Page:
ST ran a thought-provoking piece on Mar 16, calling on the G to be bold and take in all students through aptitude-based university admissions. The proposal runs completely against the grain of our grades-centred university admissions model, but that’s the entire point. If we are to be serious about transforming education and skills acquisition in Singapore, it’s time for some sacred cows to be slaughtered.

Many of the world’s top universities have already implemented a holistic, aptitude-based admissions model. Among employers, there is also a growing recognition that academic performance is an insufficient and inaccurate barometer for professional success – Google, for instance, has moved away from hiring based solely on GPAs and IQ tests.  As Senior Education Correspondent Sandra Davie points out in the ST article, “(Imagine) choosing our doctors based on grades alone. Considering how expensive medical training is in terms of taxpayers’ money, wouldn’t society want future doctors to be compassionate and caring?”

As the G seeks to prepare young Singaporeans to face the varied challenges of our future economy, it makes sense to distribute talent to where it can be best developed rather than sort students to universities based on test scores. Why, then, am I not optimistic about change?

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“If it ain’t broke, don’t fix it”

Our political and civil service leadership are the least likely to take issue with the current model. Why would they, if they have been (and will continue to be) the largest beneficiaries of a highly-intense, elite-tracked, grades-centred education system?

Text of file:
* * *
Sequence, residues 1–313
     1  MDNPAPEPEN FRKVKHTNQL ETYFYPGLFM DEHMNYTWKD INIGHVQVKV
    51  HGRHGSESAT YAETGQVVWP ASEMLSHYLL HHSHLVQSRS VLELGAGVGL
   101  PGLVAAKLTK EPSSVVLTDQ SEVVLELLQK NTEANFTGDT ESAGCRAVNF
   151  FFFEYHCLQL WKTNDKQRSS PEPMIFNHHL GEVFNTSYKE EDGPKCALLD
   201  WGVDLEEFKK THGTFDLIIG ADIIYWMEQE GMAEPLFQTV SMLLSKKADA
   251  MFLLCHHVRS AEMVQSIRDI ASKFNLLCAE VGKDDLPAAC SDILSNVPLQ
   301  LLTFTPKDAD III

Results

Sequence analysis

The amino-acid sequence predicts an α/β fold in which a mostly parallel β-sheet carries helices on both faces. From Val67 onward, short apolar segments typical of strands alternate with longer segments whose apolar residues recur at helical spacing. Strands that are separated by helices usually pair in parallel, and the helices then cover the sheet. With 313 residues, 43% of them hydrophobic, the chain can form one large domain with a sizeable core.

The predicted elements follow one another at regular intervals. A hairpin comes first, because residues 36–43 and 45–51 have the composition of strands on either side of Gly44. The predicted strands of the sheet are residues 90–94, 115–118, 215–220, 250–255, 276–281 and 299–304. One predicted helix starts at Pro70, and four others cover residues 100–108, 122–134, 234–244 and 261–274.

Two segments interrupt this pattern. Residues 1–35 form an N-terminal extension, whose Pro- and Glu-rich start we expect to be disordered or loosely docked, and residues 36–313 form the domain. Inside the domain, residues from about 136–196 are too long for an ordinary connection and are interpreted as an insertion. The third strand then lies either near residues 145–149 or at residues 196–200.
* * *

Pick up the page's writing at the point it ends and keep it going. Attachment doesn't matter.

There exists a cognitive effect known as Survivorship Bias. It simply means that, when we are evaluating the success of a policy, there is a tendency to concentrate on the people or things that “survived” the process and inadvertently discount those who did not due to their lack of visibility. Mr Michael Shermer explains this effect in an article written for the Scientific American, where he discussed the public interest in Walter Isaacson’s 2011 best-selling biography of Steve Jobs:
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Want to be the next Steve Jobs and create the next Apple Computer? Drop out of college and start a business with your buddies in the garage of your parents’ home. How many people have followed the Jobs model and failed? Who knows? No one writes books about them and their unsuccessful companies.

.Similarly, no one listens to someone who failed to enter university under a grades-only system. The people who are heard are the survivors: the 21-year-old Public Service Commission scholars who scored perfect grades in their youth and went on to be Deputy Secretaries, Permanent Secretaries, and Ministers.

The simple fact is that there is a lack of educational and academic diversity within the ranks of our top leadership. How many of them studied in polytechnics, or barely made the cut for university? The homogeneity of their experiences may blind them to the harms of a grades-only admissions policy.

 

Parents, social attitudes and the politics of education